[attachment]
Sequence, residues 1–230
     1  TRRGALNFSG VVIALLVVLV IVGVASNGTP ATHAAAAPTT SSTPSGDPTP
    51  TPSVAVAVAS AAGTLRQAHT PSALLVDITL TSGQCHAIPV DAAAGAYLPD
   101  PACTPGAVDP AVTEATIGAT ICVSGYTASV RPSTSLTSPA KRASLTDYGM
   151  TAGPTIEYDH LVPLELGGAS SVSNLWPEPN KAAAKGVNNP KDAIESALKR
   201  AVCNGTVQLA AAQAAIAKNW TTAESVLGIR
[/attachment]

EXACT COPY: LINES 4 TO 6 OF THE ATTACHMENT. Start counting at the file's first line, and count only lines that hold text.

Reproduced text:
   101  PACTPGAVDP AVTEATIGAT ICVSGYTASV RPSTSLTSPA KRASLTDYGM
   151  TAGPTIEYDH LVPLELGGAS SVSNLWPEPN KAAAKGVNNP KDAIESALKR
   201  AVCNGTVQLA AAQAAIAKNW TTAESVLGIR